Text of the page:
The freezing wind rushes through the whiskers on my face. My lungs starts to ache and my body begs for warmth. I stop when the exhaustion bears down, refusing me another step. Giant redwoods envelop me, their canopy of leaves cutting off all sight to my surroundings. I glance back once, toward the past that is gone forever. The vision of what I had and lost is forever burned into memory..

I drop my head, the reality of my future hitting me. I am the last shapeshifter still free in the world. All of our friends, our families, had been captured or killed by the government. Their fear insisted that shapeshifters were dangerous and held too much power. We were a threat and only by eliminating us would the world be safe.

With few options for survival the leaders of our pack decided we should shift into one animal and live with a pack. But that solution proved useless. Pacem -- a highly classified government branch created for the sole purpose of locating and destroying shapeshifters -- hunted down and massacred packs of shapeshifters.

There was no place for shapeshifters to turn for safety. A massive anti-shifter propaganda campaign convinced even the sympathetic that shapeshifters were a curse and only if they exterminated all the shifters then would peace be possible. What they failed to inform the people was that the Pacem Project's scientists had captured as many shapeshifters as they had killed. They were studying them in hopes of finding the markers in shifter blood not found in normal humans.

Shifters have a higher core temperature than other mammals, and radiate more heat. A new form of infrared technology was developed to allow Pacem to locate and detect shifters no matter what form they were in. Calla and I were able to avoid detection because our blood was unique from other shifters. It allowed us to shift into multiple animals whereas other shifters were limited to one.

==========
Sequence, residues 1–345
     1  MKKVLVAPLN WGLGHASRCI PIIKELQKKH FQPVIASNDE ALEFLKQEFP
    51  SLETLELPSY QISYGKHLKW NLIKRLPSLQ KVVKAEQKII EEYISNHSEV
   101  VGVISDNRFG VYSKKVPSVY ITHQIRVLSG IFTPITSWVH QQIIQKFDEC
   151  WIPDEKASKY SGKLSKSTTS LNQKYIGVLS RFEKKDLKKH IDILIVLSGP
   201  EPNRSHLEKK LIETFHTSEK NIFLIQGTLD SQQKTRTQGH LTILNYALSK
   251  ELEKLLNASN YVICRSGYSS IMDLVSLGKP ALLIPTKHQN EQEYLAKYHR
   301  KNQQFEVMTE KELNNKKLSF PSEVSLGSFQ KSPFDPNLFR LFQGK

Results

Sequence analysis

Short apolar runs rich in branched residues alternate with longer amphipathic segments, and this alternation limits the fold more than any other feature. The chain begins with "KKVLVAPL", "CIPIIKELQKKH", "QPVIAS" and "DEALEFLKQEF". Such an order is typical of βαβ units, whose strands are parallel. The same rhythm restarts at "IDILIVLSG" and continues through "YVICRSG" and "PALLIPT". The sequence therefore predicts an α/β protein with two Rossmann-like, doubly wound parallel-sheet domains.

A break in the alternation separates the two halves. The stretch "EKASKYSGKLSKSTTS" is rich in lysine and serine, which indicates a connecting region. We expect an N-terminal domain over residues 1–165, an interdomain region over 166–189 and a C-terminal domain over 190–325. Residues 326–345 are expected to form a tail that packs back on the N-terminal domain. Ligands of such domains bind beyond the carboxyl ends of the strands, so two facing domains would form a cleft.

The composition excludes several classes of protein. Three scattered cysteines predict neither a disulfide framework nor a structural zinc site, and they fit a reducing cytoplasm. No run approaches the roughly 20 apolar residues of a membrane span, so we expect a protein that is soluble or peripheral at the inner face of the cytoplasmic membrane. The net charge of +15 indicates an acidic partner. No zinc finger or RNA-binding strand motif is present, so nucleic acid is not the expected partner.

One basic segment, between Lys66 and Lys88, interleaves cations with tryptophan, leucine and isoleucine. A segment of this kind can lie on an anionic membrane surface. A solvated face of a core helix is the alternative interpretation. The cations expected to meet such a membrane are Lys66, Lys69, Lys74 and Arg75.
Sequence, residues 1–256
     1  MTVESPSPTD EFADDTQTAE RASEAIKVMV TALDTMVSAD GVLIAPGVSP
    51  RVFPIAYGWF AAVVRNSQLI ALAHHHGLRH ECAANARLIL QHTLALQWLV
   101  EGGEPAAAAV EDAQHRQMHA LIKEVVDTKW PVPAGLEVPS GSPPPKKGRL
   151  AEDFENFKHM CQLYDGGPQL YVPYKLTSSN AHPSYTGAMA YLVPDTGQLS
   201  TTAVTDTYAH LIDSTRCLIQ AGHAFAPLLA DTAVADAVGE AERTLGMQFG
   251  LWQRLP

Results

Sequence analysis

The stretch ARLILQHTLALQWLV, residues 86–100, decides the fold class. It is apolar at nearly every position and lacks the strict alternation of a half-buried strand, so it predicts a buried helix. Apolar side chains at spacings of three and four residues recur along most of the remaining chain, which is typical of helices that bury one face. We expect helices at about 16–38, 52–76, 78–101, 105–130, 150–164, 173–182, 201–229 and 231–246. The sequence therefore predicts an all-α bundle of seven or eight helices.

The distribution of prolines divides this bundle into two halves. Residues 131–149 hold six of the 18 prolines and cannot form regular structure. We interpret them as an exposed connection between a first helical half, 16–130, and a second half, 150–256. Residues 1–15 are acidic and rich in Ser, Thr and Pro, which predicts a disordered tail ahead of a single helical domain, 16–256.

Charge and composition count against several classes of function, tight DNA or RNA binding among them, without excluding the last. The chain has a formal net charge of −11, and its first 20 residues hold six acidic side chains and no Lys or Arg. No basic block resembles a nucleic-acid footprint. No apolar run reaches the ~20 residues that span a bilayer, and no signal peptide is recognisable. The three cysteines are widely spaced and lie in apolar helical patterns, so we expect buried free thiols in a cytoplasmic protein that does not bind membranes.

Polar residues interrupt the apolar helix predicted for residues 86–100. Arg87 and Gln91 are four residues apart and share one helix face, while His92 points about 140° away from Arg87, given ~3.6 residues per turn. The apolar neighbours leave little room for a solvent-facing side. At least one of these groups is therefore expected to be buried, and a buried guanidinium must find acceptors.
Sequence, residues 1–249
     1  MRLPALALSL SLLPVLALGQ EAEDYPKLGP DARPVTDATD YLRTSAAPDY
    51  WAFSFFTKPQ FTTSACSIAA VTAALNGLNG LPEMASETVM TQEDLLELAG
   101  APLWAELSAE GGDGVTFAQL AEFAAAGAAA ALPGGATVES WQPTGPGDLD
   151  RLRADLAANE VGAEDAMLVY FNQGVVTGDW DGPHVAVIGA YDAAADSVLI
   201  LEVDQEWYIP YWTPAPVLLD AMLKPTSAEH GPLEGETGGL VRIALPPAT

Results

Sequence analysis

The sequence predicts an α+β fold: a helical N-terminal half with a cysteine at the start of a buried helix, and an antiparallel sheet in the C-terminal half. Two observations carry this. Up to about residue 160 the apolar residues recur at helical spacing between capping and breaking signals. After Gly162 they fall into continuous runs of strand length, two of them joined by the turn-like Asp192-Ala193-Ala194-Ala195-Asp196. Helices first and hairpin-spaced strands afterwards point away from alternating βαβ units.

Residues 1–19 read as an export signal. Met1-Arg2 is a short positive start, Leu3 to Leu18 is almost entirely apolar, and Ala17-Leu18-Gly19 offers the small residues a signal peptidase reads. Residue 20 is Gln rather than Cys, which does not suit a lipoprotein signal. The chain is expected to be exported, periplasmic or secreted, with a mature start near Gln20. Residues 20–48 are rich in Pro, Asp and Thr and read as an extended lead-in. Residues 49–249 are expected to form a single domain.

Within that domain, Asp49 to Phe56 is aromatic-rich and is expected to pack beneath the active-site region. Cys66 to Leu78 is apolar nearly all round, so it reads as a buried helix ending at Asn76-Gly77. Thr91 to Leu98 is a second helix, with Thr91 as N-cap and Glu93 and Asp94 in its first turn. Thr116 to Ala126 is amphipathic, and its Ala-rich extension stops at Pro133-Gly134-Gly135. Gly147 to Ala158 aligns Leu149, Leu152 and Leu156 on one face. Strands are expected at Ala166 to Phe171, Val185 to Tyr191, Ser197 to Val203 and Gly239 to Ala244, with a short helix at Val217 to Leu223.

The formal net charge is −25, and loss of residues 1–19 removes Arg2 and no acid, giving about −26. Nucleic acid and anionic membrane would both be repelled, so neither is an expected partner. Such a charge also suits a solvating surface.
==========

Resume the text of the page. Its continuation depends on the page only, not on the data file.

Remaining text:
But somehow our secret was out and my sister paid the price. Calla was right when she told me to run. She knew that she was too dangerous for them to capture, but as a 10 year old, I was perfect for their studies. She saved my life at the cost of her own. I knew I had a responsibility to her and to all the other shapeshifters who had been lost or taken to survive and get strong.

Lost in my thoughts my body struggles to hold onto the cheetah form. I slowly start to shift back until I am fully human. A large growl from behind me freezes me. I slowly turn to face a wolf staring at me from behind the base of a tree. Another growl and then a howl comes from my left and then my right side. I am surrounded with no chance of escape.

"I'm not your enemy," I say slowly. I hold out my palm like a white flag. I meet the eyes of the largest wolf. Its teeth are bared and his narrowed eyes are glued to mine. In slow, easy steps it approaches me. I stand, paralyzed, as it sniffs my legs. I jump back in fear when it barks. It howls again and again until all the wolves come out of their hiding spots to circle me.

Close to a dozen set of gleaming eyes watch me, waiting for my next move. I take a steady breath and calm myself. One of them growls when it smells my fear. I think of Calla and imagine what she would do. I slowly kneel in front of the wolf closest to me. Sure that he is the pack leader, I drop my head. With a deep breath I push my body to do the only thing that will save me -- I shift into a wolf.

Seven Years Later